UK banks have been participating in a simulated cyber attack run by the Bank of England in a bid to test their defences.
Called Operation Waking Shark II, it followed a similar initiative two years ago and focused on investment banking operations, the cash machine network, a potential liquidity squeeze and the likely fallout across social media.
In addition to the Bank of England, the Treasury, Financial Conduct Authority and staff at various financial institutions – including High Street banks – were involved.
“Waking Shark II will bombard firms with a series of announcements and scenarios, such as how a major attack on computer systems might hit stock exchanges and unfold on social media. It will be co-ordinated from a single room housing regulators, government officials and staff from banks and other financial firms,” according to Reuters.
The March 2011 event, according to Reuters, “involved ‘a concerted cyber attack upon the financial sector’ that disrupted wholesale and retail payments and online services, and included more than 3,500 people, according to an evaluation published the next year.”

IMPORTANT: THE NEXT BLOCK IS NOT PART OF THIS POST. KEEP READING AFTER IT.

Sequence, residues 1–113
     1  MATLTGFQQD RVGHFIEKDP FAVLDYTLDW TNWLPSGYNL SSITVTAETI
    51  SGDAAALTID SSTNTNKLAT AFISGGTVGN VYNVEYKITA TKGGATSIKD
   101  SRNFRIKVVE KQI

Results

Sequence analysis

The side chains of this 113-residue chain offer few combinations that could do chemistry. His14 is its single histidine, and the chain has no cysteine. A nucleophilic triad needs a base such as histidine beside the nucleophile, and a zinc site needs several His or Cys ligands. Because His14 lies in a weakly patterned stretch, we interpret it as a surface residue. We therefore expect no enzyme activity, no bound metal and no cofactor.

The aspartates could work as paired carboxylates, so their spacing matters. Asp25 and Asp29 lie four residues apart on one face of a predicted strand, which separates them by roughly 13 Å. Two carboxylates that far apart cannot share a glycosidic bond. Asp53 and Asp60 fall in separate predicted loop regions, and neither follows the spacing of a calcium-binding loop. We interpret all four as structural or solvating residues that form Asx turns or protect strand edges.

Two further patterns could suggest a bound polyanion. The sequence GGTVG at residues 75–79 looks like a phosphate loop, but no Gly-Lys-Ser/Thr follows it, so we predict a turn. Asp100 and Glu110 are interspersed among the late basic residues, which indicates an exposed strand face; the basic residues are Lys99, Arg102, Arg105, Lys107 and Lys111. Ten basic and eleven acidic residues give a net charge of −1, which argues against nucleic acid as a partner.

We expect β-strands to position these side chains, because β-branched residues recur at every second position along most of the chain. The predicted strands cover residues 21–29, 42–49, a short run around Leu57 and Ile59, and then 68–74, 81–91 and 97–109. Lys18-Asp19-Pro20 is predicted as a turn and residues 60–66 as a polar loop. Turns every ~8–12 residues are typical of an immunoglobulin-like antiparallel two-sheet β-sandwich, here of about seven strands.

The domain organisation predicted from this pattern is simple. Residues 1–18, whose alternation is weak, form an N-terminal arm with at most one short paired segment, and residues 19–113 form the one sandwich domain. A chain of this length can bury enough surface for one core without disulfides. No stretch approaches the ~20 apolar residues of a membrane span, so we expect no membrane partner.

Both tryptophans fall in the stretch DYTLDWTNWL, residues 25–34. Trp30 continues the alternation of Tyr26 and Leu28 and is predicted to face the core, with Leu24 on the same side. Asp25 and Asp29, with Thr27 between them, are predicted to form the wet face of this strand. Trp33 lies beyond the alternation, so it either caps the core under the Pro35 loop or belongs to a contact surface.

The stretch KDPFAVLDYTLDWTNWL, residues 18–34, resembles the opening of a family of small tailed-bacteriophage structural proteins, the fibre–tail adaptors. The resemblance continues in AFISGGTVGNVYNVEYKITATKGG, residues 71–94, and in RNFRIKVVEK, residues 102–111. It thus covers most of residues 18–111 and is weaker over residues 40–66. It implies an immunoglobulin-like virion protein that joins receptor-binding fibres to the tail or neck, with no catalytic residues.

It was a much smaller operation, held in the auditorium of Credit Suisse at Canary Wharf.
The Financial Policy Committee of the Bank of England in September mandated that the financial services industry must “ensure that there [is] a concrete plan in place to deliver a high level of protection against cyber attacks for each institution at the core of the financial system, including banks and infrastructure providers, recognising the need to adapt to evolving threats.”
The exercise, though, was criticised for not covering physical threats, such as the recent attacks on branches of Santander and Barclays in which the attackers attached keystroke logging devices to PCs after tricking their way into the branches. It also failed to address the kind of social engineering aspect of many attacks in which attackers – whether insiders or outsiders – persuade staff to divulge login details.
For example, US National Security Agency whistleblower Edward Snowden scooped up colleagues’ login and password details by claiming he needed them to perform his systems administrator role.

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